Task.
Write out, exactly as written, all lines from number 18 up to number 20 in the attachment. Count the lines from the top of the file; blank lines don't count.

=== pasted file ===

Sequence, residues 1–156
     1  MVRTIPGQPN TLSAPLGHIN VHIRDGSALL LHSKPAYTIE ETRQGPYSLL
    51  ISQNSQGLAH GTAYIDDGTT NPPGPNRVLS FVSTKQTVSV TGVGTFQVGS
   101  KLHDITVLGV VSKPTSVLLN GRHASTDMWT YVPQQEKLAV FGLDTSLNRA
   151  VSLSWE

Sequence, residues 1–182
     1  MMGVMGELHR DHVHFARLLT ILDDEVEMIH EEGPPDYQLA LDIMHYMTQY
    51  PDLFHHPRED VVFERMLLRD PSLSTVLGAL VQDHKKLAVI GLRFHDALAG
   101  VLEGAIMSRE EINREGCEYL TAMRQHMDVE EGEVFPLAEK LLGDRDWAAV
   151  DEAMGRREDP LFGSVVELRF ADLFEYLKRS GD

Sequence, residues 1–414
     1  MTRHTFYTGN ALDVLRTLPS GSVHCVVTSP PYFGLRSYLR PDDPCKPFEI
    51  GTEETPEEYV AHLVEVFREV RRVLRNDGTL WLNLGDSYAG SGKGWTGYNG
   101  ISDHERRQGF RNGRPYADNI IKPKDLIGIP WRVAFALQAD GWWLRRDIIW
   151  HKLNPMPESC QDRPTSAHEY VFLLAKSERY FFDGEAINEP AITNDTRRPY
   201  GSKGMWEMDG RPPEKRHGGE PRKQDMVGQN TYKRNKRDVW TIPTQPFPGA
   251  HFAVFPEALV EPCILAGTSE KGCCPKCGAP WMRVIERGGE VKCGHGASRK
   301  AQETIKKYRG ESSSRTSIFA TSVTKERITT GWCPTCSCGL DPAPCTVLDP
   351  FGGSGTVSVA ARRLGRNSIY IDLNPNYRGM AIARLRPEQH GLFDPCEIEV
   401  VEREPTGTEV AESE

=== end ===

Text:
   301  AQETIKKYRG ESSSRTSIFA TSVTKERITT GWCPTCSCGL DPAPCTVLDP
   351  FGGSGTVSVA ARRLGRNSIY IDLNPNYRGM AIARLRPEQH GLFDPCEIEV
   401  VEREPTGTEV AESE